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Schubert's Dances

For Family, Friends and Posterity

Martin Chusid
November 6, 2013

294 pp.

5 illustrations

ISBN: 978-1576472392

Paperback 6X9 $48.00


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Of the several genres comprising Schubert’s prodigious compositional output, the one that has attracted the least attention from scholars has been his approximately 500 dances. Of these, more than 200 were published during his lifetime, twice as many as his songs; and they were received enthusiastically by the public. Yet, strangely enough, there has been only one slim volume devoted to the subject and it is in German, Schubert und das Tanzvergnügen (Schubert and the Enjoyment of the Dance). A translation of the opening section of that book forms the Introduction to our volume where it is entitled “Dancing in Vienna in the Early 19th Century.”

Although the composer’s dances have been enjoyed in the United States and England by pianists and their pupils for generations, the current book is the first in English about them. Furthermore, there are relatively few articles or commentaries of substance that treat them seriously. Our publication begins with chapters on the minuets, all of which were written for members of his family, and his ecosaisses, primarily itended for his friends. Later another section is devoted to the polonaises and his other four hand dances, works that Schubert composed mainly for his only serious students, the Countesses Marie and Caroline Esterhazy. But by far the largest portion of the volume is devoted to the quick, triple-meter compositions Schubert labeled German dances or ländler, although his publishers most often gave them the title of Waltzes. The composer, however, used the term Walzer just once in his lifetime; and he did so in the course of a humorous poem to rhyme with the word Pfalzer, an inhabitant of the Rhine region of Germany, at the conclusion of a dance he in fact called a Deutscher (German dance).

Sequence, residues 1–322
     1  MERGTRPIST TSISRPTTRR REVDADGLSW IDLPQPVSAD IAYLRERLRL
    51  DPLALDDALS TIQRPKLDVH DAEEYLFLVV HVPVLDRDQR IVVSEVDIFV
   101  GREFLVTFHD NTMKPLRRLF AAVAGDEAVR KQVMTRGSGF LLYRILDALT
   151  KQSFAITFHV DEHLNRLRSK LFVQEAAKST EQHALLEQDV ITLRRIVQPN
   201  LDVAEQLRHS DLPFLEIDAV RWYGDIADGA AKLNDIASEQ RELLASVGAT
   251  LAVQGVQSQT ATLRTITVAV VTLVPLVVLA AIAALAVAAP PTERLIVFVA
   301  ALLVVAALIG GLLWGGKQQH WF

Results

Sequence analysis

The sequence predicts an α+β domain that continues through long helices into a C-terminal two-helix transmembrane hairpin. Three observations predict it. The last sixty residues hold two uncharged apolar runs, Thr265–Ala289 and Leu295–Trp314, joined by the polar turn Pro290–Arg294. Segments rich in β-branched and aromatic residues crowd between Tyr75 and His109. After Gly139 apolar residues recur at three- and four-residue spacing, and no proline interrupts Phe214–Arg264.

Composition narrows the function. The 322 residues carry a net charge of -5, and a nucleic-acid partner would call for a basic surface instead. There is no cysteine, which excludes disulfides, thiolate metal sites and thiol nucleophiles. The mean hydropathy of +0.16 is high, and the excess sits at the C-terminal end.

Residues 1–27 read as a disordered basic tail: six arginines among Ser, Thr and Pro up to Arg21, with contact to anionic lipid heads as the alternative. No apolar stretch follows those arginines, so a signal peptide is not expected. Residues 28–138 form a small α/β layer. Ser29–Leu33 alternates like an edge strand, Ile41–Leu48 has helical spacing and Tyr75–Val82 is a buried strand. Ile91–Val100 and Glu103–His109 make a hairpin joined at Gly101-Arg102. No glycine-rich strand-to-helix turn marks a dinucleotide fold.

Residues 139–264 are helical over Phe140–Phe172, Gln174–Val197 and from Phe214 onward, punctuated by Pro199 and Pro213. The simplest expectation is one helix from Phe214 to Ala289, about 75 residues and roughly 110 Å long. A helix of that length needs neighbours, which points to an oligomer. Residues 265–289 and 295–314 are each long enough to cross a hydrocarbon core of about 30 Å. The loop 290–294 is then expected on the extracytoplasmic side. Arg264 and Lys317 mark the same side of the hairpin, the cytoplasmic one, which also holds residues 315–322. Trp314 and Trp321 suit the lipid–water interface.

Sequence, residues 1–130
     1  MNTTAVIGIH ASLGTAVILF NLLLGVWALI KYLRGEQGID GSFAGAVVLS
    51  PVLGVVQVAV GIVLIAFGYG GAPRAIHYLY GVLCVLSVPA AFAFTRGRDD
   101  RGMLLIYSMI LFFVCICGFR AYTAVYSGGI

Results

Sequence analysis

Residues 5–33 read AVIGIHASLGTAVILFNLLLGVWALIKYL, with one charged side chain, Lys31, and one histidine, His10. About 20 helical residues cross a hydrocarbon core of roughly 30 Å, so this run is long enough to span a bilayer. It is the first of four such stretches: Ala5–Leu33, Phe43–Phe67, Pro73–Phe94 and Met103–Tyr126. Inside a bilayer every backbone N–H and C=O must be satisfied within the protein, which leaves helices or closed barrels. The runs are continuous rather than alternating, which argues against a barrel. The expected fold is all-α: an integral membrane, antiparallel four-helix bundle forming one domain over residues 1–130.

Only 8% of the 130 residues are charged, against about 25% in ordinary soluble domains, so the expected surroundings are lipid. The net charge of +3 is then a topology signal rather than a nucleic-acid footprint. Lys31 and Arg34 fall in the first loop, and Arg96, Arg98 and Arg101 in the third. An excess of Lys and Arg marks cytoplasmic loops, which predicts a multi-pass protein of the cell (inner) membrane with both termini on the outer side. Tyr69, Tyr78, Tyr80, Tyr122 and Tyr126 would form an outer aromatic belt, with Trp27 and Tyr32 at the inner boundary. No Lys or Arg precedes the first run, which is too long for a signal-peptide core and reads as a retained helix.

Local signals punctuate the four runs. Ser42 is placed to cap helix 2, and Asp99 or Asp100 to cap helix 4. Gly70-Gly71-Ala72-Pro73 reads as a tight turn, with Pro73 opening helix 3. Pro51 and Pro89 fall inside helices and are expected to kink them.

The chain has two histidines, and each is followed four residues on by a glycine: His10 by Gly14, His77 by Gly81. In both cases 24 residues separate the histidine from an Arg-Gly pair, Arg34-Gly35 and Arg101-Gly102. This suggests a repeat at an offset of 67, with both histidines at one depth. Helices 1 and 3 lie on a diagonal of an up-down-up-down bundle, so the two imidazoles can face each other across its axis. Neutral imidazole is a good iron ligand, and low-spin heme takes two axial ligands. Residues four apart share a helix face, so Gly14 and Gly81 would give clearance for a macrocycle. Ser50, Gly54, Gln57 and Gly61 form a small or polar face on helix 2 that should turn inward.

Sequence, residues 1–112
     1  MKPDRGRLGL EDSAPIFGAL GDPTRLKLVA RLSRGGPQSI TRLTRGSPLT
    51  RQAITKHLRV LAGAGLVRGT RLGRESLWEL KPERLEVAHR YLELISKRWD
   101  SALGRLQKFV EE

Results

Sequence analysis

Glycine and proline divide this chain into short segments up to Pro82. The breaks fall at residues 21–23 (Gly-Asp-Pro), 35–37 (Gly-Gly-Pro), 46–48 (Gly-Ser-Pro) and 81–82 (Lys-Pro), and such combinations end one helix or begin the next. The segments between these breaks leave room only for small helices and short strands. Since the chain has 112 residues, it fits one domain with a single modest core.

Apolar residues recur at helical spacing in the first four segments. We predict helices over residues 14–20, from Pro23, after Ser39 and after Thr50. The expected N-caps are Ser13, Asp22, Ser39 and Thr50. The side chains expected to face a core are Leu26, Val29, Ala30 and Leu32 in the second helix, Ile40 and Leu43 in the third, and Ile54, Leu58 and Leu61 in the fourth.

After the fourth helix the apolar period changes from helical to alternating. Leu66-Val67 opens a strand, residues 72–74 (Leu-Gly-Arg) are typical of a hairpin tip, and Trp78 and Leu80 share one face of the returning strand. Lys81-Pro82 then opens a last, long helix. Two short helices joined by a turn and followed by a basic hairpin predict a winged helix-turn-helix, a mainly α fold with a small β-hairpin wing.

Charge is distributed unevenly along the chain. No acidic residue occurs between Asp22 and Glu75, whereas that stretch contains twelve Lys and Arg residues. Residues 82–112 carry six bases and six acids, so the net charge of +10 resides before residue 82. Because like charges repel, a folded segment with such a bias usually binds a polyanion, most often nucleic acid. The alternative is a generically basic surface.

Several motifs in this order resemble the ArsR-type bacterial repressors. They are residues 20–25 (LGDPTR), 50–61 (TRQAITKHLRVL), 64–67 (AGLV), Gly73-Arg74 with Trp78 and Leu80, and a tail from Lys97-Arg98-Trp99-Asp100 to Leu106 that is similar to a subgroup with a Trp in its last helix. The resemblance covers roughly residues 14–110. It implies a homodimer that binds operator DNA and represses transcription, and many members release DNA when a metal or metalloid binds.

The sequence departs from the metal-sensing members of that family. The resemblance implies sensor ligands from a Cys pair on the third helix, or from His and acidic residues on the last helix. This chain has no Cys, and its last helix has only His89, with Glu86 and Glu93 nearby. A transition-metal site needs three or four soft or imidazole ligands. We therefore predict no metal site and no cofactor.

In the course of studying the dances a number of points insufficientally, or not at all, discussed in the Schubert literature has emerged. For one thing forty, approximatel 8% of these relatively short compositions—most are only 16 or 24 measures in length—begin and end in different keys. This is and aspect of Schubert’s fremarkable harmonic imagination also visible in some 75 of his well over 600 songs.

Another aspect of interest is that, despite their similarity in meter and tempo, there is a considerable diffence in musical character between the dances Schubert called German dances and those he labeled ländler. A third noteworthy feature of the composer’s dances is the manner in which all of his later published dance sets, those which appeared from late 1825 to the end of his life in 1828 are organized tonally. They all begin and end in the same key. And, furthermore, they display close inner relationships as well. In contrast, of his earlier dance sets, those issued from 1821 to early 1825, a single group, the twelve waltzes of Op. 18 (D. 145), is rounded tonally in similar fashion.

Finally, of the eminent composers influenced by Schubert, there are three who were particularly fascinated by his dances: Robert Schumann, Franz Liszt, and Johannes Brahms. Their frequently expressed warm admiration for the composer, and especially their deep concern for his dances, are treated in the closing section of this volume, the Epilogue.

December 11, 2013